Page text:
As spring rolls around and the weather gets warmer, so to comes the time-honored Scholars Day.
The sixth annual Scholars Day took place in Friends Hall this past Wednesday, and with it came the opportunity for the students to share with their peers and faculty the exciting explorations they have been partaking in for their respective fields.
Presenting as both representatives of the literature major and The Salameno School of Humanities and Global Studies, students Rose Hussain and Emily Shovlin shared their research into the “200 Years of Jane Austen.” They were specifically looking into how the accomplished author was appreciated in both the period and present post-modern interpretations.
“We concluded that the interpretations of these two periods of time share an appreciation for Jane Austen’s explorations into how class informed the decision making of wealthy and middle class women in terms of marriage and other aspects of their life,” Hussain said in summary of her conclusions.
The Anisfield School of Business also provided several interesting presentations, such as economics major Balrum Saud’s research into “building on the research literature on Blockchain.”
Blockchain, an online distributed ledger tool for transactions, provides users with readily available information regarding the possibilities a transaction may inflict.
“I was particularly looking into how to extend Blockchain to e-government options and the needs of the private sector,” Saud said on his hopes for his study.
The School of Theoretical & Applied Science also had some interesting presentations to show. One of the more notable ones was biology majors Meghann Herman and Jonathan Lopez’s research into “Generating a Monoclonal Antibody Against the Centromeric Protein HCP-3, in C. elegans.”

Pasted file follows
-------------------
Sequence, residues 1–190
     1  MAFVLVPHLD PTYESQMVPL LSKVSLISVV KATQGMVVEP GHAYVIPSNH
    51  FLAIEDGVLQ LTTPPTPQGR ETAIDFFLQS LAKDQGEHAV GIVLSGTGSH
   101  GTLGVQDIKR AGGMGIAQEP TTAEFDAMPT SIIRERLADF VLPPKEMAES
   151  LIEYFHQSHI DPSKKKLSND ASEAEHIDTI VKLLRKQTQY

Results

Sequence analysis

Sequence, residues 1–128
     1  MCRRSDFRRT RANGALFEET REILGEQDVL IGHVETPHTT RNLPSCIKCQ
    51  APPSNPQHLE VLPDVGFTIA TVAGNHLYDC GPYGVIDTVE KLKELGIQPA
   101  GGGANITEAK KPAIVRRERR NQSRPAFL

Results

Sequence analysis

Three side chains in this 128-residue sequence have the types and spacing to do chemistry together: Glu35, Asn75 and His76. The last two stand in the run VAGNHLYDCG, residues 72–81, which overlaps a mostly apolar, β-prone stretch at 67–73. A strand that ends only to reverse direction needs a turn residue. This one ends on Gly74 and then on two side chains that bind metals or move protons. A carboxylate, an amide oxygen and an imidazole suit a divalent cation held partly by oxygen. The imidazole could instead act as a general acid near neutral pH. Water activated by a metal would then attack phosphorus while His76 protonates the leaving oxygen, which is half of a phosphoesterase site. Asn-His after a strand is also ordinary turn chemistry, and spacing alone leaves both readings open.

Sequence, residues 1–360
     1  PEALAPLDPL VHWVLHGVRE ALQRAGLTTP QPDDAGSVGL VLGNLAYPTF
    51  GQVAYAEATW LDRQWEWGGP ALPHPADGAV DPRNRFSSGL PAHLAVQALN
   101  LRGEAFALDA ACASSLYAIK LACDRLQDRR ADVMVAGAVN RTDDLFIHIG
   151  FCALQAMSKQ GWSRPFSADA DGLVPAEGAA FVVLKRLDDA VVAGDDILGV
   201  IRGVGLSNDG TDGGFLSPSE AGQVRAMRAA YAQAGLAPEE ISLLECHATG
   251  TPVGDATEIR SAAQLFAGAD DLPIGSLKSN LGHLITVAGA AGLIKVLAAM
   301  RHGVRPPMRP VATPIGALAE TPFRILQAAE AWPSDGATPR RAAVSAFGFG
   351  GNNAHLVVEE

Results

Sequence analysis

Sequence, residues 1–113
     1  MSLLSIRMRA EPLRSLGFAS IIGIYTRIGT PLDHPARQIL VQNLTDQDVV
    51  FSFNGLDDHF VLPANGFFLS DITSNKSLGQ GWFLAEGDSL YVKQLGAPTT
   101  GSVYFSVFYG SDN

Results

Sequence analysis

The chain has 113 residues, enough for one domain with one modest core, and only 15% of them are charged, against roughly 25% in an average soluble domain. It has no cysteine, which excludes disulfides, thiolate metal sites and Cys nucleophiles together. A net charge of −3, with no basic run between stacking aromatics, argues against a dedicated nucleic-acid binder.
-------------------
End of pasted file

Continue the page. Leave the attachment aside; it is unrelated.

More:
Their research revealed that antibodies hold numerous potentials as probes for localization studies inside cells and detecting the presence of antigen due to their ability to bind to specific molecules.
“Developing a monoclonal antibody for HCP-3 in C. elegans would give us a novel antibody that we could use to detect the same centromeric protein in humans possessing a pathogen with HCP-3,” Lopez said regarding the medical and practical applications on his and Meghann Herman’s antibody research.
The School of Contemporary Arts also had intriguing examples of student research, most notably from their chosen oral presenter and communication arts major Mehnaz Ladha.
She had research documenting the effects and consequences of the Greek bailout crisis on small business owners in the residential neighborhood of Pangrati in Central Athens. These interviews Ladha conducted with residents of Pangrati, as well as experts on the crisis, highlight the uncertainty of the economic future of the nation while also being disillusioned with the governmental response.
“With negations underway with the IMF regarding a third bailout package, there is a fear that the dire economic straits will be constant,” Ladha said regarding the feeling of the Greek public.
All 39 presentations at the showcase are representative of the scholarly abilities of Ramapo’s community.